Pre MBA Courses

Refer to courses that prepare aspiring MBA students for a successful MBA journey at whichever institution

Matthew Retzloff

Reviewed by

Matthew Retzloff

Expertise: Investment Banking | Corporate Development


September 25, 2023

What Are Pre-MBA Courses?

Pre-MBA courses refer to courses that prepare aspiring MBA students for a successful MBA journey at whichever institution.

MBA stands for Master of Business Administration, a postgraduate-level degree program to prepare students for leadership roles in business and management. They cover topics such as finance, marketing, accounting, and strategy.

As an aspiring MBA student, you may have heard MBA is just for networking. This is partially true, but it is also a great time to improve yourself and learn more about business and management.

Since most people get their MBA degrees a couple of years after graduation with work experience, many people may need a refresher on basic quantitative skills.

Some people may not have been exposed to quantitative topics during their academic journey, or people from other majors and/or industries decide to go into business. Hence, it would be beneficial for them to take courses beforehand so their MBA journey will be smoother. 

That’s why there are many pre-MBA courses you should take for your success before you start your MBA!

Many colleges and universities now offer pre-MBA certificate courses in addition to MBA programs, such as:

  1. Harvard Business School
  2. Stanford Graduate School of Business
  3. University of Chicago Booth School of Business
  4. University of California, Los Angeles Extension
  5. Northwestern University School of Professional Studies and more.

However, you don’t necessarily have to take a pre-MBA program at the university where you are taking your MBA. You just know the basic concepts.

Key Takeaways

  • Pre-MBA courses refer to courses that prepare aspiring MBA students for a successful MBA journey at whichever institution.
  • Many colleges now offer this program, such as Harvard Business School, Stanford Graduate School of Business, and the University of Chicago Booth School of Business.
  • These courses typically cover accounting, finance, and management.
  • Professionals in all industries, MBA applicants, and prospective and recent graduate students will benefit from these courses.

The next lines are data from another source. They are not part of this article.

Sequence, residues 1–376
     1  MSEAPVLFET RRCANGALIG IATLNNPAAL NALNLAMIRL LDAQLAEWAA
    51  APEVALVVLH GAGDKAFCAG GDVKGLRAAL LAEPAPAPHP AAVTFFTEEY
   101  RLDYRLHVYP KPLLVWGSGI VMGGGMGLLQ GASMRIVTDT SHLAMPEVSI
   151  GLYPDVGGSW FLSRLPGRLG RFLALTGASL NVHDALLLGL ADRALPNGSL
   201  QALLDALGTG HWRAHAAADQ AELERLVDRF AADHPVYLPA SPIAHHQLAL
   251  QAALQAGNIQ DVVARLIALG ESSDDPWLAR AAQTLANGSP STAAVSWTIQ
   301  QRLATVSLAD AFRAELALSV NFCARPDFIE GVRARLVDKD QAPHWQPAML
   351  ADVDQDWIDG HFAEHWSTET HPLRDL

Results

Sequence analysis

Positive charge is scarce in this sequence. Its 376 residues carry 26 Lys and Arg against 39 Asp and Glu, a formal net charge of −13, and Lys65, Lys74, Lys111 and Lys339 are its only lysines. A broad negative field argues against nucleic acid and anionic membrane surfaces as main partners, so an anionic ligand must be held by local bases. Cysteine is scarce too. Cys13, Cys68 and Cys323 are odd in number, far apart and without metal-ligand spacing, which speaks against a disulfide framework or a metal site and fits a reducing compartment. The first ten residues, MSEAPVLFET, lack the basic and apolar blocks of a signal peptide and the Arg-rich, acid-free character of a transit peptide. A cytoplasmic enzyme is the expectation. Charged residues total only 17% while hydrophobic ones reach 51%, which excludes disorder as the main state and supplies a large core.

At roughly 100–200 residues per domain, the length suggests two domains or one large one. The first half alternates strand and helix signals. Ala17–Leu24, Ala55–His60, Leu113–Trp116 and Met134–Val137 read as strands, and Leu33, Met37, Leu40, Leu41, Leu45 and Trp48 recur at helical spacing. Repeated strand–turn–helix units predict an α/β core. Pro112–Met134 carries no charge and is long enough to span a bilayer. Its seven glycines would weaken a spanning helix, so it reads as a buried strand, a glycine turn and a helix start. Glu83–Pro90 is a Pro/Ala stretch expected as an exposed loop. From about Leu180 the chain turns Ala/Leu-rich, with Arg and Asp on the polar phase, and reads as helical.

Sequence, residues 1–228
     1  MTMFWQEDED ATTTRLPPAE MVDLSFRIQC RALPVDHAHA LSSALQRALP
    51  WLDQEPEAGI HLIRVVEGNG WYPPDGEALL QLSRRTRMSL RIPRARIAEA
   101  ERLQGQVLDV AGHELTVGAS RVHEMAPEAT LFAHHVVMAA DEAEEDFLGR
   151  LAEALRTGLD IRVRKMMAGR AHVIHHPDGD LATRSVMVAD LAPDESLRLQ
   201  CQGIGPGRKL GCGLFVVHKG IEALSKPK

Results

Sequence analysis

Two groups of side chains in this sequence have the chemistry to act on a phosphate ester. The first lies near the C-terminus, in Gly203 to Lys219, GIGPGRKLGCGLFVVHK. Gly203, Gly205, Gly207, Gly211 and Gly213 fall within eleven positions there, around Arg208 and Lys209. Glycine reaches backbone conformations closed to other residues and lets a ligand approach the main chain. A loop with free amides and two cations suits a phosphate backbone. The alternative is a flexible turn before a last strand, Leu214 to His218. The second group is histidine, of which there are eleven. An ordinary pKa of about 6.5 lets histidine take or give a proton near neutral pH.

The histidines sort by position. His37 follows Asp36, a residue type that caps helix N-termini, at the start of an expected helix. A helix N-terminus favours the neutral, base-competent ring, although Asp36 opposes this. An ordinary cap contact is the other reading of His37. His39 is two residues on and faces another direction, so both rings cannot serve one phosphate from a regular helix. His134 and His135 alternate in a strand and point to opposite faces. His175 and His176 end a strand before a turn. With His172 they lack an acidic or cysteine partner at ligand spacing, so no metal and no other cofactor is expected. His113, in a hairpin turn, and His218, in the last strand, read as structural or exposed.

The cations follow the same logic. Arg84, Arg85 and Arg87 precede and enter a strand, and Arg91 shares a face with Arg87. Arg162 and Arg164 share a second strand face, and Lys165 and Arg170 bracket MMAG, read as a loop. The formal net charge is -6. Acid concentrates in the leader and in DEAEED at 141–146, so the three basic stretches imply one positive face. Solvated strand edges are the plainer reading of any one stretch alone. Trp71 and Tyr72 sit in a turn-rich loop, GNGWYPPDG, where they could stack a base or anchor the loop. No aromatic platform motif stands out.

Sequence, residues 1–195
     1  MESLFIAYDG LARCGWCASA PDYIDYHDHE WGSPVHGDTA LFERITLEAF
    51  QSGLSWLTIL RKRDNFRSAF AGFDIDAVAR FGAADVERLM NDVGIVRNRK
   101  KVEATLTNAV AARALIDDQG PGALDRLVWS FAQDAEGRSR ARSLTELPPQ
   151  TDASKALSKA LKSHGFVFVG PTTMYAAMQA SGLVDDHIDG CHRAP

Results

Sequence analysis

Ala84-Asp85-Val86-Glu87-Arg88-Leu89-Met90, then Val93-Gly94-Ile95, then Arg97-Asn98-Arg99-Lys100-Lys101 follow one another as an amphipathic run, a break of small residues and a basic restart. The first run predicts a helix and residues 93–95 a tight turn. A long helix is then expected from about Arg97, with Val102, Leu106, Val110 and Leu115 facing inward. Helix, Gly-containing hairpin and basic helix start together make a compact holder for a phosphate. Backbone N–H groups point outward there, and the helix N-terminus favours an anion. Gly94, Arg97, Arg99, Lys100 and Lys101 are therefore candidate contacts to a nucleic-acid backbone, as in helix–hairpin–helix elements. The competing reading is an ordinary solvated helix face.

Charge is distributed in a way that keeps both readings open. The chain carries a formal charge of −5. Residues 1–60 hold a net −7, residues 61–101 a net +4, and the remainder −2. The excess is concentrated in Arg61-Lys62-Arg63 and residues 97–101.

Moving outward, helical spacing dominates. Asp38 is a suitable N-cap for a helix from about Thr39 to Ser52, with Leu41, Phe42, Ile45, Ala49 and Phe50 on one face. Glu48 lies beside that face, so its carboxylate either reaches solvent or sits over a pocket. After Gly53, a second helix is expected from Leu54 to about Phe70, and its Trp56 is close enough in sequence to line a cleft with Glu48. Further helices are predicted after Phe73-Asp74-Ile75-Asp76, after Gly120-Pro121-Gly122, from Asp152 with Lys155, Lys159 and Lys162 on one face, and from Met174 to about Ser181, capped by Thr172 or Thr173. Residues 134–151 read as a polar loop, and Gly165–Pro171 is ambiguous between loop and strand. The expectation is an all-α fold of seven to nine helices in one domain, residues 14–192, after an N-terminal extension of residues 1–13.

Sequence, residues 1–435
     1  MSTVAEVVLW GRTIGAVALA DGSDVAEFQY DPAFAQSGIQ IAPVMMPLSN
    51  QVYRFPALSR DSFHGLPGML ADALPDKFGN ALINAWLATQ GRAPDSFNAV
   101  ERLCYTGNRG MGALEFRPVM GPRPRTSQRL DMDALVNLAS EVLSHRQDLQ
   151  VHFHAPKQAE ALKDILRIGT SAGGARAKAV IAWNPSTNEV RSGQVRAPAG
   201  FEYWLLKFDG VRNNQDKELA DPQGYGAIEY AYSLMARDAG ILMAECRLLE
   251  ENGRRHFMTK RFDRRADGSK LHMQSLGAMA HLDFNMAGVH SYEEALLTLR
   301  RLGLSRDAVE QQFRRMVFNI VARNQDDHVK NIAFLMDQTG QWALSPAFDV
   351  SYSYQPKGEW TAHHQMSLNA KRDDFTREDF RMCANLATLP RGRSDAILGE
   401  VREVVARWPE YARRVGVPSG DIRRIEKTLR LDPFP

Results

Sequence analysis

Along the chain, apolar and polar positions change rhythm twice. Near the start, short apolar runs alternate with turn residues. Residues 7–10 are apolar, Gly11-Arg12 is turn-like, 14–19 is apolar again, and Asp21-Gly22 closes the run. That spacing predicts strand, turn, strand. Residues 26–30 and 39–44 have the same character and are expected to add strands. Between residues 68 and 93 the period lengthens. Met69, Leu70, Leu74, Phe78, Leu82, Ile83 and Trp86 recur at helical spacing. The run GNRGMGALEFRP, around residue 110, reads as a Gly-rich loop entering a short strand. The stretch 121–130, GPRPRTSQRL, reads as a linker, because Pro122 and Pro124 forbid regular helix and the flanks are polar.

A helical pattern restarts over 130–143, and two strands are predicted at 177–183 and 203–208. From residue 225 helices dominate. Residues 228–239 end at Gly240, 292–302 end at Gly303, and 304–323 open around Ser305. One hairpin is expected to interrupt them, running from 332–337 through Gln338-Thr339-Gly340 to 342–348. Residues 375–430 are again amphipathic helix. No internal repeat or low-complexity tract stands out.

Different Pre MBA Courses

The foundational business and management concepts (regardless of if you decide to take a pre-MBA program or not) that you need to know before doing your MBA are:

  1. Accounting
    Accounting includes the basics of financial statements, bookkeeping, budgeting, processing financial information, and more.
  2. Finance 
    Finance includes financial analysis, financial modeling, data analytics, and investments.
  3. Economics
    Economics includes microeconomic and macroeconomic principles, market structures, and globalization.
  4. Marketing 
    Marketing includes consumer behavior, market research, product development, branding, and more.
  5. Operations management
    Operations management includes production processes, supply chain management, human resources, facilities management, inventory control, and more.
  6. Organizational behavior
    Organizational behavior includes understanding leadership, teamwork, motivation, communication, and more.
  7. Statistics
    Statistics include data analysis and interpretation, and decision-making.
  8. Strategy
    The strategy includes business planning, market analysis, competitive advantages, conducting industry, market, and company research, and more.

Suppose you do decide to take a pre-MBA course. It typically covers accounting, finance, and management, where many fundamental concepts mentioned above fall under one of the three categories.